Somalia: Healthcare, education gains as Somaliland marks 20th anniversary
|Publisher||UN News Service|
|Publication Date||20 May 2011|
|Cite as||UN News Service, Somalia: Healthcare, education gains as Somaliland marks 20th anniversary, 20 May 2011, available at: http://www.refworld.org/docid/4ddb5e922.html [accessed 1 September 2015]|
HARGEISA, 20 May 2011 (IRIN) - The self-declared republic of Somaliland has made key improvements in sectors such as health, education and infrastructure in the past two decades, its leaders say, despite its lack of international recognition.
"One of the main obstacles for Somaliland is lack of recognition, but my government will never give up trying to gain it," President Ahmed Mohamed Mohamoud Siilanyo said on 18 May, when the region marked 20 years since declaring unilateral independence from the rest of Somalia.
Efforts in reconciliation, nation-building and drafting a new constitution have helped promote peace in the region, Siilanyo said.
"We have put in place a new currency and passport, encouraged democratization and multi-party elections; improved access to healthcare and education, respect for human rights, freedom of expression and facilitated a free market," he said.
"[The rest of] Somalia has been in lawlessness during the last 20 years, and I am calling on the Somali politicians to look after their citizens and consider the problems they are living under and resolve their differences so as to give peace a chance."
Nimo Hussein Qawdhan, deputy health minister, said increased provision of healthcare services - by the government and private sector - was one of the developments made since 1991.
Qawdhan said the maternal mortality rate was 1,600 deaths per 100,000 women in 1991, compared with 1,044 per 100,000 in 2006.
The region's child mortality rate was 275 in 1990, falling to 188 in 1999, then to 166 in 2006, "signifying a very significant decrease, when compared to world standards", Qawdhan said.
Qawdhan said Somaliland had also made gains in the fight against malaria. The past two years have seen the region become almost malaria-free, Qawdhan said.
The region has also de-mined large tracts of land mined between 1981 and 1991 during the war between the Somali National Army and the Liberation Movement for Somaliland as well as during the war between Somalia and Ethiopia over the Ogaden region (now known as Somali region in Ethiopia).
Ahmed Hussein Essa, a professor of science at Hargeisa University, told IRIN: "In 1992, when the people of Somaliland started returning from refugee camps in Ethiopia to their war-scorched villages, towns and cities, they came face to face with a horrible reality. Landmines were everywhere. Walking was a risky business."
Since then, Essa said, de-mining efforts had made the region safer.
"Somaliland's government and its people played a pivotal role in making Somaliland territory largely mine-safe in less than 10 years," he said. "The Somaliland Mine Action [SMAC], largely funded by the UN, coordinates all mine action efforts. The government of Somaliland, although not able to sign the Mine Ban Treaty as a sovereign member of the UN, has nevertheless accepted all its obligations, including the passage of local legislation banning the use of landmines and formulating a mine policy action plan."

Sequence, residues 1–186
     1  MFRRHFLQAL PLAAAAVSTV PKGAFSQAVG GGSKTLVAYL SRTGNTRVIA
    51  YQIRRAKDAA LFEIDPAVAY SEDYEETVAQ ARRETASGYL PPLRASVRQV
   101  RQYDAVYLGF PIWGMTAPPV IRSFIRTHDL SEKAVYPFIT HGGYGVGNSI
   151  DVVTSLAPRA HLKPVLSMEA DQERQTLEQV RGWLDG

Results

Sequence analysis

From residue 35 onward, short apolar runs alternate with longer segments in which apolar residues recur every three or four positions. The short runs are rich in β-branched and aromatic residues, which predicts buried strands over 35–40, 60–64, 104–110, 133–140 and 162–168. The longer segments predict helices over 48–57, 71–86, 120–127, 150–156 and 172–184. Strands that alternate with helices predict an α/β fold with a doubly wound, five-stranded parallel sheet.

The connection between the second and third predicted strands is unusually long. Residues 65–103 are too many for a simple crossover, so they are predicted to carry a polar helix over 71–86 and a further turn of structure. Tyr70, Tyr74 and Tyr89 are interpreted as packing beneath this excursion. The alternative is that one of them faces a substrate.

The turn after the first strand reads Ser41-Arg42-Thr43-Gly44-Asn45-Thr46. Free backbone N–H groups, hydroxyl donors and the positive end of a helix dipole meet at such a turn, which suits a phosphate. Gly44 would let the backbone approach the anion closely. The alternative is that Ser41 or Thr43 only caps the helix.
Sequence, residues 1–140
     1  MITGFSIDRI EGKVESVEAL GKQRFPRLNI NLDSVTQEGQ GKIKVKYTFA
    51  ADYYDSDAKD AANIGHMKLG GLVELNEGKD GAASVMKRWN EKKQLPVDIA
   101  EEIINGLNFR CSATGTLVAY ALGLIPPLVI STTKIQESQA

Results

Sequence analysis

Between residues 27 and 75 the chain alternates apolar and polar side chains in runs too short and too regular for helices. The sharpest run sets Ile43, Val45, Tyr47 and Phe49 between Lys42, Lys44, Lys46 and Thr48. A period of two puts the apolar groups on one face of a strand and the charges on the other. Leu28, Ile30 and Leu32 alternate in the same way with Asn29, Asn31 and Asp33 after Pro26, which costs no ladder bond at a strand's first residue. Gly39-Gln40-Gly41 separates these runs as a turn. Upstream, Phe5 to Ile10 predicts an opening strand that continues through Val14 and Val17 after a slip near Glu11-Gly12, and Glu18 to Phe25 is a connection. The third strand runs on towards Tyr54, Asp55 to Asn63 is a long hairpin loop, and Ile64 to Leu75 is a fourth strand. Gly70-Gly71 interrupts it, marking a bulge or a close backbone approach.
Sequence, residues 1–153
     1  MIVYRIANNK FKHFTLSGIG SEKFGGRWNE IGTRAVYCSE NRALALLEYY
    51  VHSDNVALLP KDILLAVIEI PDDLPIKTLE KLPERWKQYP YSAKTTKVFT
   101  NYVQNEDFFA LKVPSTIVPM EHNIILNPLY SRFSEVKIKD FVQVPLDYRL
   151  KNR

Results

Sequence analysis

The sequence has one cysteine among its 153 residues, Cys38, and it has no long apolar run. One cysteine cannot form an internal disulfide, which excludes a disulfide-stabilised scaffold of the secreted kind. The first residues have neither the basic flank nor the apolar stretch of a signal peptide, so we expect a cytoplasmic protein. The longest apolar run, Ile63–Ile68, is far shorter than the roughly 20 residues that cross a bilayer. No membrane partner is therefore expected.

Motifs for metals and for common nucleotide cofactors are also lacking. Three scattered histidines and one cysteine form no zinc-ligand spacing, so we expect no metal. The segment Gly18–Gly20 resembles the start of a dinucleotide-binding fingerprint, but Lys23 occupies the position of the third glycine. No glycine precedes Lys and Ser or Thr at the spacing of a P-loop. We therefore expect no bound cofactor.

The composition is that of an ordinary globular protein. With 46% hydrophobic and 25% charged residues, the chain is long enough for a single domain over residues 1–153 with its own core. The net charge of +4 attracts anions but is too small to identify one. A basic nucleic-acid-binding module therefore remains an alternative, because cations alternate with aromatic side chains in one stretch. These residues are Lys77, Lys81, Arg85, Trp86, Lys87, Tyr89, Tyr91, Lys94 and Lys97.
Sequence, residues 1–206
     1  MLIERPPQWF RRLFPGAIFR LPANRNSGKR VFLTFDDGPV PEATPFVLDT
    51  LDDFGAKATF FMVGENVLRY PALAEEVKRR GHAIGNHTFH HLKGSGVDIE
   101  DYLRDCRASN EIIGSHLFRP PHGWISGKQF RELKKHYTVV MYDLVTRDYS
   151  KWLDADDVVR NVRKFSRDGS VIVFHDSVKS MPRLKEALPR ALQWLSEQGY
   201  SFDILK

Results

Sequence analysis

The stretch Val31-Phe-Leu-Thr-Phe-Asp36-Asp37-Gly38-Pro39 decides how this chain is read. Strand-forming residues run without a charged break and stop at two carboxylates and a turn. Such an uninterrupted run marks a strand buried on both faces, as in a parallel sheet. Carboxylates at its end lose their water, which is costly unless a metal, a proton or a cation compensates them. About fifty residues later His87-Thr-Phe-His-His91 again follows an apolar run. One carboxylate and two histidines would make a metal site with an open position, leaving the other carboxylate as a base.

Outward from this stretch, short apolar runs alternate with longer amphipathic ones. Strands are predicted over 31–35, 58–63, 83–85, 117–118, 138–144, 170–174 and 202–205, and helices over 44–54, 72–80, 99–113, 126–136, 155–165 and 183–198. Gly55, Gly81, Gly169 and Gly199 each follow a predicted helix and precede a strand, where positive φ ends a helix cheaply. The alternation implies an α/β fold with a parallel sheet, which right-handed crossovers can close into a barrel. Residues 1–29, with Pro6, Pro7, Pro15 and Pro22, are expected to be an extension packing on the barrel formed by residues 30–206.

Moreover, Essa added, Somaliland had destroyed stockpiles under the control of its army as well as mines confiscated from civilians.
"As Somaliland celebrates its 20th anniversary, the people of Somaliland can take heart that in mine action they can show the world a success story. School-children no longer feel afraid to play in its playgrounds," Essa said.
"Literacy rates increased from 20 percent [in 1991] to 45 percent [in 2010]," an official from Somaliland's Ministry of Education said.
"We had only a total of 219 primary, intermediate and secondary schools in 1991, but now we have about 506 primary schools throughout the country."
A 2010 Millennium Developments Goals (MDG) report for Somaliland put the region's literacy rate of the population aged 15 years and above at 26.9 percent in 1999.
Besides education gains, Somalilanders also believe they have matured politically.
"The people of Somaliland have mastered how to overthrow their leaders through the ballot, not through the bullet," Ahmed Yasin Sheikh Ali Ayanle, an opposition member of parliament, told IRIN.
Ayanle added that Somaliland's first president, Abdi-Rahman Ahmed Ali (1991-1993), and his successors, Mohamed Ibrahim Egal (1993-2002) and Dahir Rayale Kahin (2002-2010), had helped establish peace and a respected constitution. "We hope [current] President Siilanyo will keep these efforts going."
Some of those who fought in Somaliland's 1981-1991 war said they were pleased with the progress the region had made.
"During the war, our mission was to overthrow [Somalia's President Siad] Barre and give the people a chance to decide their future; it is the people who decided to dissolve Somalia's unity, hence the creation of Somaliland," Yusuf Abdi Gabobe, a war veteran, said.